Award, accolade and much more ...
"Virumaandi" has won the Best Asian Film Award at the International film festival in South Korea. Kamal Hassan shares his elation in a conversation with MALATHI RANGARAJAN.
"Virumaandi" ... a project that proved commercially viable and creatively satisfying to Kamal.
``I SEE it as a kind of peer acceptance and that makes the award even more invaluable to me... ,'' smiles a happy Kamal Hassan. The actor is just back from South Korea with the Asian Award for his Tamil magnum opus, "Virumaandi." And his joy is manifold because the members of the European jury that selected it as the best film from Asia at the eighth Puchon International Fantastic Film Festival (PiFan) (a part of European Fantastic Film Festivals Federation EFFFF) are eminent filmmakers themselves.
``The whole thing came as a surprise to me. I had gone to the fest as an invitee. `Virumaandi' was not an entry at the competition level and I had no inkling of the honour. There I was seated in the audience, waiting to put my hands together for the winner when my name was announced. I was confused because I was not on the stage with the other nominees ... caught unawares, I did not even have a prepared text to thank the jury for the recognition,'' laughs Kamal.
This year PiFan, the oldest supporting member of EFFFF, suggested the institution of a new award for the Best Asian Film, to be chosen by a European jury. As Asian cinema is of great importance to film festivals affiliated with EFFFF, the Federation gladly accepted the proposal.
Even otherwise, when talking of fantastic films in the real sense of the term, it is only imperative that our films be considered. Thus the first Asian Award was created in the name of the French experimenter with motion pictures, Georges Melies, and it is a matter of cheer that it has gone to an Indian film.
The recognition should come as a fillip to films made here and it is to the jury's credit that it has gone to a much-deserving actor and technician on this side of the globe.
Why "Virumaandi" ...
"The citation crisply mentions `Virumaandi's scoring points," says Kamal as he recalls the contents.
It describes the film as one ``that successfully manages to combine social and political drama, romance, humour, musical and spectacular action in one story of epic proportions ... ''
It further states: ``all the more impressive is the fact that it has been written, produced and directed by one man who also plays the lead role... ''
The actor-director with Pasupathi in his magnum opus.
Jan Doense, a Swedish filmmaker of repute and a member of the jury, gave away the award. (The other member was well-known German filmmaker Olivier Muller.) "Astounding," is the word Doense uttered when Kamal went up to receive the honour, even as he appreciated the ethnicity of the film.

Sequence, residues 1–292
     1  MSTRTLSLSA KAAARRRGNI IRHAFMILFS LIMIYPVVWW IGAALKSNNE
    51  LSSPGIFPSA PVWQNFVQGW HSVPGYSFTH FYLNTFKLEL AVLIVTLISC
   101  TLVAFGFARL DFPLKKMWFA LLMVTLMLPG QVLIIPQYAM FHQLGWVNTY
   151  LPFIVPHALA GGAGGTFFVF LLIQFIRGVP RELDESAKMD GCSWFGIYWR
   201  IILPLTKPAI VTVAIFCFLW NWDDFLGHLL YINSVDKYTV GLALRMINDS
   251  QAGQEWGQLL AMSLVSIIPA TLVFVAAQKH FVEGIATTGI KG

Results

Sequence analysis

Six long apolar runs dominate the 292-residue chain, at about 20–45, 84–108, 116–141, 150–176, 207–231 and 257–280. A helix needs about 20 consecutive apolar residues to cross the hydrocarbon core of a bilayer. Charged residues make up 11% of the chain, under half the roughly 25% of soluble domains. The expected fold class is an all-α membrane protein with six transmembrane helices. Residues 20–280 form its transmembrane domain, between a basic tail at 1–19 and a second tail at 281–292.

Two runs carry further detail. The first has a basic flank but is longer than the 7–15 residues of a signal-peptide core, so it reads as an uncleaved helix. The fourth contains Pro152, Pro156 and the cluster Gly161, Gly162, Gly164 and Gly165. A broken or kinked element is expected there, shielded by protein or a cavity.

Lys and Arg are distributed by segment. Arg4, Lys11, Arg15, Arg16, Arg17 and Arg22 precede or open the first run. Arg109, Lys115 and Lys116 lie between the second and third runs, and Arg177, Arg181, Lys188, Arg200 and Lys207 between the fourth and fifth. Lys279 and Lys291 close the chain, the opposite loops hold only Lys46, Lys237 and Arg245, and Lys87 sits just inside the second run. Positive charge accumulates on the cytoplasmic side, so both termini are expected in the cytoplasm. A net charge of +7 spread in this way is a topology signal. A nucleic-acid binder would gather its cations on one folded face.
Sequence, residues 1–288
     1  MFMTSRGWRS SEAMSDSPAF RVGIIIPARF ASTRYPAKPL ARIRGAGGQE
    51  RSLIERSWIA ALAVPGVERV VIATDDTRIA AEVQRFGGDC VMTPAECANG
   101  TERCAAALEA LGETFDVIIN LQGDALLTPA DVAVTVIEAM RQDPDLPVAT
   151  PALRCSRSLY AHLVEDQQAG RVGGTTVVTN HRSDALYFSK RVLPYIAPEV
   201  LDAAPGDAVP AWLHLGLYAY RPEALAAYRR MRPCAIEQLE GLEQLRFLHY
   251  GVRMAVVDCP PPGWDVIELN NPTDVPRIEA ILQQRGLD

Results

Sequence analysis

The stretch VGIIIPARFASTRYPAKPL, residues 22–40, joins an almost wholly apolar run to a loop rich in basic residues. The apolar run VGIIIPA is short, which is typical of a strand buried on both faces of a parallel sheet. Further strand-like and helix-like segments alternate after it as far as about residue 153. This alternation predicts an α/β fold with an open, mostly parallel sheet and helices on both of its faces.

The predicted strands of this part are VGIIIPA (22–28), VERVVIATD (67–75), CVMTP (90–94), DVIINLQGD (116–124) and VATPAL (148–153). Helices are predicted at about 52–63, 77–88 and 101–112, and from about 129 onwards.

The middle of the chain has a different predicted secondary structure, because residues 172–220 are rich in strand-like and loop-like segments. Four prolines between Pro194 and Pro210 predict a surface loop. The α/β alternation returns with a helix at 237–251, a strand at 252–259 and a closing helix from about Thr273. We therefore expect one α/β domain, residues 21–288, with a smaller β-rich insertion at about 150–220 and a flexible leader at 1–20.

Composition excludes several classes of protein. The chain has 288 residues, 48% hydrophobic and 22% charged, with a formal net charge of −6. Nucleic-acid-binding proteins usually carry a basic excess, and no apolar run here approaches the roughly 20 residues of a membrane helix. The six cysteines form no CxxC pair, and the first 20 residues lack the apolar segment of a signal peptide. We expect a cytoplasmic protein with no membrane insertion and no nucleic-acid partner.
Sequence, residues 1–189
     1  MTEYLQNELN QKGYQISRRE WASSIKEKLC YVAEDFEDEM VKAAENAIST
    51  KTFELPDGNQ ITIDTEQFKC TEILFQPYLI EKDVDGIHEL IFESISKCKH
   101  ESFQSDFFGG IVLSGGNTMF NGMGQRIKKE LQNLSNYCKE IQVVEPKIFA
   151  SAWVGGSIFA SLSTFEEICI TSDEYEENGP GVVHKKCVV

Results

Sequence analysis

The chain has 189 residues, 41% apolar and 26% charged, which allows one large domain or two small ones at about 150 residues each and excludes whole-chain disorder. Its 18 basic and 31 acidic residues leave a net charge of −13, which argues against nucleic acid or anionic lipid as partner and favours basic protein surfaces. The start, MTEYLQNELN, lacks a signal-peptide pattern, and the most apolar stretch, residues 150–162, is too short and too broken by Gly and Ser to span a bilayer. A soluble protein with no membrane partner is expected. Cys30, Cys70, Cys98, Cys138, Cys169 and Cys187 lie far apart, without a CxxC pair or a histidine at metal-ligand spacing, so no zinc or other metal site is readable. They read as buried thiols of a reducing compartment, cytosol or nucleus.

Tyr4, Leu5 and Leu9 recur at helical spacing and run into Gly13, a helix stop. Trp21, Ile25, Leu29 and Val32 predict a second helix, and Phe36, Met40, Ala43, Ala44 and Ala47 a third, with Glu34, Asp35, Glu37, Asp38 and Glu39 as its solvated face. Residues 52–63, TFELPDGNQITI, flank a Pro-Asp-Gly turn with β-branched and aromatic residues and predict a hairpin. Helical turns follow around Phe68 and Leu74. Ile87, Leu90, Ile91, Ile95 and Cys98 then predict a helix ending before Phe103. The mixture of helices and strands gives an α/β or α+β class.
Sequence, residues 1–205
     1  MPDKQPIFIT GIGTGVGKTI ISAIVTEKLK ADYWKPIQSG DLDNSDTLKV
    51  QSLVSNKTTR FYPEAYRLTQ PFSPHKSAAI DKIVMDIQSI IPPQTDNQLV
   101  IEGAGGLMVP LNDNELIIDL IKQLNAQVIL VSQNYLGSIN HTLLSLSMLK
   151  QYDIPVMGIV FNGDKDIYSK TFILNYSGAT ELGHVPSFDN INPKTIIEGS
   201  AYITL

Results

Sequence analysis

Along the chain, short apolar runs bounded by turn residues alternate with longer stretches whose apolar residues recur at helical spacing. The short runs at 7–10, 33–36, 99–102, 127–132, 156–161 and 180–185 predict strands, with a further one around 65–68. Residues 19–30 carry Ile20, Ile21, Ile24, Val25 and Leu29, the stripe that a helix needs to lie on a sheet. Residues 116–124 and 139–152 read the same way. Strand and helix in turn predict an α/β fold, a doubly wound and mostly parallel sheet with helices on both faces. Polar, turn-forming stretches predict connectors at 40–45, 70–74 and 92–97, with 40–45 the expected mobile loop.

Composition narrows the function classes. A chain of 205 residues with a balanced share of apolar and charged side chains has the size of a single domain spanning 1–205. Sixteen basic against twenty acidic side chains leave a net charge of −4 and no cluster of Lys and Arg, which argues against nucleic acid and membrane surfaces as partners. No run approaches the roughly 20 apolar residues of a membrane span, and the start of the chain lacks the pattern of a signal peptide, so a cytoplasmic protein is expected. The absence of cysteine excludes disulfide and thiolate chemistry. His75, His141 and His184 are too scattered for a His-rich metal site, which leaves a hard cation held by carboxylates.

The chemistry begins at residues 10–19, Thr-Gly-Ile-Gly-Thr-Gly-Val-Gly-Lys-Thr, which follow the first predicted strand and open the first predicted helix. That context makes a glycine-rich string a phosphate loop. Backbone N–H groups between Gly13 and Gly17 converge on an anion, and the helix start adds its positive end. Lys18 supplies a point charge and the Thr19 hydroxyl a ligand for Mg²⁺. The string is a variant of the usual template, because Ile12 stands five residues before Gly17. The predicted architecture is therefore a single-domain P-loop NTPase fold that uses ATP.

The citation also describes "Virumaandi" ``as a film that should easily appeal to audiences from all over the world.''
Nineteen Asian films were lined up for the competition. ``Worthy productions from Japan, the Philippines, China and Taiwan and about six films from Korea were in the race. From India we had `Raghu Romeo' and `Virumaandi'... '' Kamal informs.
Honour at Rotterdam
A year ago at the Rotterdam Film Festival, in the Netherlands, Kamal's best films that included "Hey! Ram," "Pushpak," "Nayagan," and "Kurudhi Punal" had been showcased under the category, Director in Focus. ``The Retrospective was a great honour in itself ... I couldn't go then because of some personal problems and somehow I didn't even mention it to anyone here. But at this fest in Korea they introduced me as `the actor-director from India who was featured as the Director in Focus at Rotterdam ... ,' " says Kamal Hassan.
Although "Virumaandi" did reasonably well at the box office, it was not what you would call a runaway hit ... ``No ... no ... commercially also `Virumaandi' made me happy,'' Kamal is quick to refute. ``I make the kind of films I want to, on my terms. And the best part is I have the public supporting the films I make with passion, and also my completely commercial flicks. So if I've had a `Moondram Pirai' that ran to packed houses there was also a masala fare, `Sakalakalavallavan' that did equally well. If they refused to watch and nurture the kind of films I have a penchant for I'd be sunk ... ,'' he tells you candidly. So the crowd that offered great support to "Virumaandi," should do the same for "Vasool Raja " ... "That's my hope," smiles Kamal.
How important are awards to a veteran like him? "Very. The recognition for your work on any platform local, national or international is a tremendous boost. But your sustaining power depends solely on the verdict of the filmgoer. If Sivaji Ganesan was at the helm for 40 years, it was because the people wanted him there." The veracity of the observation cannot be disputed. And going by the benchmark, Kamal Hassan too has been ruling the roost for two decades and more now. ``Yet if tomorrow the man out there decides otherwise, I'll be out. So every film is a test ... ''
Has the veteran at any point been disappointed with the response his work has received? Kamal laughs, ``A singer of Balamurali Krishna's stature you feel would be happy about his stupendous achievements. So when I heard him sound disconcerted that his performing skill on the viola has not been widely accepted, I was surprised ... I suppose it happens.''
So what does this veteran feel dejected about? "Come to think of it, nothing. The press in general has been kind to me ... and I'm quite contented with my lot ... When others tell me that I would have won international acclaim if I had been in the West, I turn around and tell them, this is my place and I should win world renown from here ... with my kind of cinema.'' And Kamal Hassan is doing just that.
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